Although FIG. 4 depicts a central region 401 as being occupied by two non-overlapping sensors, in another implementation more sensors may be used. For example, and as shown in FIG. 5, a zone 501 includes three sensor 501 to 503 each individually associated with different regions of the touchpad 100. As indicated above, the sensors, and the boundaries between the sensors 501 to 503 may be of various shapes. In this illustrated example, for instance, the sensors form a Yin and Yang pattern, although other patterns, such as spiral patterns, may also be formed.

Returning to FIG. 3, the saw-tooth shaped boundary 214 is distributed uniformly within the region 209, enabling the user to activate both the sensors 201 and 205 with a single finger touch, irrespective of a location within the central zone 109 that the finger actually contacts. Accordingly, if the user touches any portion of the central zone 109, both sensors 201 and 205 are activated substantially simultaneously, thereby generating an electrical signal corresponding to the central zone 109. The electrical signal is transmitted to the controller of the touchpad 100 via ports which connect the sensors 201 and 205 to the controller.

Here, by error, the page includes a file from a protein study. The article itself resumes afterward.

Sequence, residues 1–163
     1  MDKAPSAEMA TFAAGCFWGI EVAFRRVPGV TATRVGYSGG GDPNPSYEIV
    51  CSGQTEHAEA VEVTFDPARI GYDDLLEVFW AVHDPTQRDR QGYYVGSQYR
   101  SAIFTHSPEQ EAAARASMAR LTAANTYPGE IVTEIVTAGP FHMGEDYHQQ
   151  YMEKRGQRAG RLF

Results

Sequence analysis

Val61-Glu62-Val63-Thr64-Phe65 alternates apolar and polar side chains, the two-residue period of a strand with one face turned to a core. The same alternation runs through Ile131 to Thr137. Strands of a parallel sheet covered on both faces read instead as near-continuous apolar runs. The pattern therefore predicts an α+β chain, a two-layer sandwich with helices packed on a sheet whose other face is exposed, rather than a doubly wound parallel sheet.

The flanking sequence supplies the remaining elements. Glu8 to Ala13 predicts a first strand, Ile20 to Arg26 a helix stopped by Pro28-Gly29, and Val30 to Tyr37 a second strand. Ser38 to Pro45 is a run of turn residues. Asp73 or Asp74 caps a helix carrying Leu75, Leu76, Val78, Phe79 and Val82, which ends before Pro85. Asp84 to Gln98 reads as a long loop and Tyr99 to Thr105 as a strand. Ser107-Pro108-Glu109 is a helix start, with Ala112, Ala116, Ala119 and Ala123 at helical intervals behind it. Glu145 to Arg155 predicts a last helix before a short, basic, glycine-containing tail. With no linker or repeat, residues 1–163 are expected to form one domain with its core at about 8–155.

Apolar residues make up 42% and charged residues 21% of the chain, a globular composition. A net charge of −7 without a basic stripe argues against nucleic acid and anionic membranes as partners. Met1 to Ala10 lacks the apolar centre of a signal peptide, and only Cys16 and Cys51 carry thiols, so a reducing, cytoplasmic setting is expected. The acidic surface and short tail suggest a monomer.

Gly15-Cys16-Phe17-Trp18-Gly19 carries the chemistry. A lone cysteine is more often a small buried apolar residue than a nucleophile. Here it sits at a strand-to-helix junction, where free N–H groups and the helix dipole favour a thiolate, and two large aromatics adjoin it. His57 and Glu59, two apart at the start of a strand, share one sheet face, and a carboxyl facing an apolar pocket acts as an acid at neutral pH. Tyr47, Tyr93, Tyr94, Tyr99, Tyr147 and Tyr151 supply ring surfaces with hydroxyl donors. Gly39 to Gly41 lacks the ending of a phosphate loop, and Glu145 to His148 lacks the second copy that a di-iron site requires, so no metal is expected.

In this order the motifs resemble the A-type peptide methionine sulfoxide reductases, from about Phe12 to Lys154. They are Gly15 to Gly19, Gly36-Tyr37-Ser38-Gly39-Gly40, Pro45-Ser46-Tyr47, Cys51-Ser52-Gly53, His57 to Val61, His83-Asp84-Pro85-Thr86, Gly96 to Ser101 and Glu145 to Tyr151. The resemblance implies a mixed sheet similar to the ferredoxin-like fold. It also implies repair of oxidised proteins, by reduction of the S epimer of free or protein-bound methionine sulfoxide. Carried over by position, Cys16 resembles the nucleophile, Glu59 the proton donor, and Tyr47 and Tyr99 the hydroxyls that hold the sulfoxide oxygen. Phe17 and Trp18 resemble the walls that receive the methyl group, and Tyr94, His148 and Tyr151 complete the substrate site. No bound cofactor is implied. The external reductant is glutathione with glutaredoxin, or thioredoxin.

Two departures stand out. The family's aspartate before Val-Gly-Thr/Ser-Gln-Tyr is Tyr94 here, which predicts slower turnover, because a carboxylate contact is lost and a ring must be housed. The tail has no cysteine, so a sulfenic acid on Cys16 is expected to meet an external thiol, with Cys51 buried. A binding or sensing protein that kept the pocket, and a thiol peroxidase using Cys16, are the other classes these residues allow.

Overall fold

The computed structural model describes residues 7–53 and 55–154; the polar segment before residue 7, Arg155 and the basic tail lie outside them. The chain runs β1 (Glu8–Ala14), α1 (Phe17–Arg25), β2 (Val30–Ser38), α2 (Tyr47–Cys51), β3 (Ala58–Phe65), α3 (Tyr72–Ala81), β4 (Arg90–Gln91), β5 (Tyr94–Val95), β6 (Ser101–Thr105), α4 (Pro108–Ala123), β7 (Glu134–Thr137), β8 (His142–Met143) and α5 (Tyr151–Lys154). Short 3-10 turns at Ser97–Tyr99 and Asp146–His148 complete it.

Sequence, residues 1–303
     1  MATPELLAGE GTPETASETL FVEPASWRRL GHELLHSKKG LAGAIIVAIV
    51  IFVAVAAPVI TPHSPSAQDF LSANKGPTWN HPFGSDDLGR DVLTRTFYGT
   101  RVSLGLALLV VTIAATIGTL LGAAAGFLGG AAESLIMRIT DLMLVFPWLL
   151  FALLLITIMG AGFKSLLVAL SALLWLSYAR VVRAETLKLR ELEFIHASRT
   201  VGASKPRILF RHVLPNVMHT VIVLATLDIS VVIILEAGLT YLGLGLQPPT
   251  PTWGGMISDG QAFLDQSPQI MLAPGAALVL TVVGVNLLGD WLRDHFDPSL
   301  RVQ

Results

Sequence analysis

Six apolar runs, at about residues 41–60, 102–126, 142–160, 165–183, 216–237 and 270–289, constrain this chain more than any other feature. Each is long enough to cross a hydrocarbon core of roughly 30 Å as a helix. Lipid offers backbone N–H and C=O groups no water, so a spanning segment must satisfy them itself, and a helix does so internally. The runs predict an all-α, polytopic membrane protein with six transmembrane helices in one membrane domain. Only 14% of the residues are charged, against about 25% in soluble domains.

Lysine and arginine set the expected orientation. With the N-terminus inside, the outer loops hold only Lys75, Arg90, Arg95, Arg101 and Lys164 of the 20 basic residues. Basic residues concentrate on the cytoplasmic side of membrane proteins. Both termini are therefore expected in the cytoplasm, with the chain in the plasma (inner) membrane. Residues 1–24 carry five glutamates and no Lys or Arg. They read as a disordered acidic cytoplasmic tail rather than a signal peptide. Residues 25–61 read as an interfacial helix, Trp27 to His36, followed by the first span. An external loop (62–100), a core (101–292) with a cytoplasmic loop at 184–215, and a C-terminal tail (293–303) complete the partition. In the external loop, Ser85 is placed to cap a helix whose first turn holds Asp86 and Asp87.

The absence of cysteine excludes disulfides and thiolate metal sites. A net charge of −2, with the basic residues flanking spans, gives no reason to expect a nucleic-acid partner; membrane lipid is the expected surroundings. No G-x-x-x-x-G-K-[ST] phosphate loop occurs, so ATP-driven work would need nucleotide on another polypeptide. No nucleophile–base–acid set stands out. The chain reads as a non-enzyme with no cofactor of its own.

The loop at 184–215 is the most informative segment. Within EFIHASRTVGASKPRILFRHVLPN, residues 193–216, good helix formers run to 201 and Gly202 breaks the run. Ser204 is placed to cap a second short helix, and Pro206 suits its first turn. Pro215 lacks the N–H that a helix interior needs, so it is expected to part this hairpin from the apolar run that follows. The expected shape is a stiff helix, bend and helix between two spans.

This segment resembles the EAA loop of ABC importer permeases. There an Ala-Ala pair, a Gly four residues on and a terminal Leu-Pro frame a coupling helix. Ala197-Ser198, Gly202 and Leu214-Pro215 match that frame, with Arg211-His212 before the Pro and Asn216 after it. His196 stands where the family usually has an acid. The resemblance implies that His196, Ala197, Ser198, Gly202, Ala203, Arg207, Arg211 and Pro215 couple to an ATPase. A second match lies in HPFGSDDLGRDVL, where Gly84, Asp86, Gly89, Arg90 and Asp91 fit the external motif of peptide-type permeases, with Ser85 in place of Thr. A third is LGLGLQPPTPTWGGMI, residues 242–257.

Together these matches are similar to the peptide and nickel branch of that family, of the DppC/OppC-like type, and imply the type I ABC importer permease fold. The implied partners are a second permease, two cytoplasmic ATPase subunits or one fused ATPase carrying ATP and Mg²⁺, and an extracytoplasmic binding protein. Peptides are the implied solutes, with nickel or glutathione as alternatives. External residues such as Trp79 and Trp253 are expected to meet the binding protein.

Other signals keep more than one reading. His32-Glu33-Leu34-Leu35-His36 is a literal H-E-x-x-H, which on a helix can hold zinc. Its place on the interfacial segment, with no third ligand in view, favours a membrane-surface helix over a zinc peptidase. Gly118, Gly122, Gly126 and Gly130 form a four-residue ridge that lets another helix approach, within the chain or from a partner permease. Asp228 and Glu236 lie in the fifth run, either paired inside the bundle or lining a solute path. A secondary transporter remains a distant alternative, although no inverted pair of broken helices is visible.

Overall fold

The controller is configured to receive the electrical signal and generate output information corresponding to a function associated with the received electrical signal. FIG. 6 illustrates an exemplary method 600 that the controller uses to generate the output information corresponding to the function associated with the received electrical signal. When method 600 begins (S601), an electrical signal is received from at least one sensor associated with the activated zone (S602). The activated zone includes a zone that is touched by a user on its upper surface. Once the upper surface of the zone is touched by the user, the sensor or sensors lying beneath the activated zone generate an electrical signal or signals. The electrical signal or signals are transmitted to and received by the controller via a port connecting the sensor to the controller.

For example, if the radial zone 101 is activated by the user, the sensor 201 disposed under the radial zone 101 generates the electrical signal if a finger touch is detected in the radial zone 101. An electrical signal is transmitted from the sensor 201, and received by the controller via the port connecting the sensor 201 to the controller. Alternatively, if the central zone 109 is activated by the user, both the sensors 201 and 205 associated with the central zone 109 generate electrical signals, and the electrical signals are transmitted to and received by the controller via the ports connecting the sensors 201 and 205 to the controller.